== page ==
Japan Retribution: Produce?

When Herbert Hoover signed the Smoot-Hawley Tariff Act in 1930, raising customs duties by an average of 20 percent, he did so explaining that, though he opposed the tariff, he was signing it to eliminate uncertainty in the stock market which could be a threat to our national prosperity. After the tariff was signed, a trade war broke out as other nations retaliated. Wall Street soon lost any uncertainty as to where things were headed and the stock market soon crashed. Of course, the Great Depression shortly followed.

All this shows that actions often have unintended consequences or, as my mother taught me: If you play with matches you are bound to get burned. The current President could have benefited from having my mother.

I have always been proud of my country and am convinced that, by and large, the United States has been a force for good in the world. In this age, when the Soviet Union has joined the great colonial oppressors on the junk bin of history, and when American power is virtually unchallenged, we, as Americans, have a unique opportunity to guide the world to a more peaceful, more just and more rewarding future.

So, as an American, I am ashamed at the actions taken by President Clinton regarding the Japanese automobile manufacturers. As you know, the President has ordered 100 percent tariffs on a select group of high-priced vehicles entering the U.S. from Japan. This basically closes the U.S. market to these cars and deprives those Americans who wish to purchase them of their liberty to do so.

What egregious act has Japan or these automobile makers committed that justified this action? Nothing. Nothing except to present President Clinton with the most cynical of political opportunities to bolster his standing with U.S. manufacturing unions and his image as a tough guy with those Americans who don’t understand this situation and who already thinking the President is weak for avoiding military service and for his pattern of changing positions.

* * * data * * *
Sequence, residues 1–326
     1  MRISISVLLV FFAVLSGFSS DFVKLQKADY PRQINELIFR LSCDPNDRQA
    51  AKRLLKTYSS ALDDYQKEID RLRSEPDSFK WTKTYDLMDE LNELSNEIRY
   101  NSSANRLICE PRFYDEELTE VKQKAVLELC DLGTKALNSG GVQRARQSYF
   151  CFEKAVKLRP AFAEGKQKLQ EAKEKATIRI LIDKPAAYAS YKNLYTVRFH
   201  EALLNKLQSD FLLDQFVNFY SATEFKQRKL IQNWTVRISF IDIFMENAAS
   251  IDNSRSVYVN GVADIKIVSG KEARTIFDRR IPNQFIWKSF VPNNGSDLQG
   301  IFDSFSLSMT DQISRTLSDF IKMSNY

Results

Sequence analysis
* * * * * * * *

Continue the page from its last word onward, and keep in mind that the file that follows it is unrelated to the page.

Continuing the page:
The specific U.S. demand is for the Japanese government to pressure Japanese automobile manufacturers into “voluntarily” agreeing to purchase more U.S. made parts. There is, of course, no particular justification for this position. Just turn the situation around: Japan does run a big surplus with the U.S. in automobile trade, but the U.S. runs a big surplus with Japan in entertainment products. Just imagine Americans’ reactions if Japan tried to pressure the U.S. government into pressuring private U.S. companies to import more Japanese films to show in the U.S. The absurdity of this kind of demand is self-evident.

Even more absurd, though, is the question of why we are in this situation to begin with. The very focus of the first half of President Clinton’s term as President was the passage of the new GATT – General Agreement on Tariffs and Trade – accord. The GATT accord was opposed by many people and interests, and the focus of their opposition was that GATT, by virtue of its requirement that we bring trade disputes to the World Trade Organization (WTO), was a diminishing of American sovereignty.

The sovereignty argument was disposed of on the absolutely correct grounds that any agreement serves to restrict the parties’ freedom of action. The point was that the WTO was going to be a perfectly reasonable place to bring this type of dispute.

If we have a complaint against a country that is also a signatory to the agreement, we agreed in signing GATT to bring our complaint before the WTO. Japan is a signatory and yet, instead of acting civilized and following our agreements, we have chosen to be a bully and try sanctions.

We did this because we would be laughed out of the WTO. There is simply no basis in GATT for the U.S. demand. Now there are disputes with Japan that the U.S. might well win. For example, there are great difficulties in Japan for those American firms that wish to establish automobile dealerships. There are also legitimate complaints about the speed with which imported cars are cleared by Japanese authorities.

Many of these types of issues could be resolved through negotiations with Japanese officials; others we might be able to take to the WTO and win. In any case, fighting for the removal of these types of restrictions, the U.S. would be on the side of the angels. So why don’t we fight on these issues? Simple really. U.S. automobile manufacturers have only the most limited interest in selling cars in Japan.

They like having one percent of the market, so the cars are big novelties and can bring wide margins. But as a mass market, it has a slow-growing population and most Japanese have been able to afford cars for years. Second, Japan has nine domestic automobile manufacturers (as opposed to only three in the much larger U.S. market) who compete bitterly and thus keep margins low.

Besides, why should U.S. auto manufacturers work hard to design, produce and market cars in Japan when the U.S. government says it will simply force Japanese manufacturers to give parts orders to U.S. producers?

Perhaps, of course, you might ask what this article is doing in a produce magazine. Fair enough question. It is unlikely that trade representatives of the produce industry will take up the issue of opposition to this tariff. On the surface, it seems to have nothing to do with fruits and vegetables.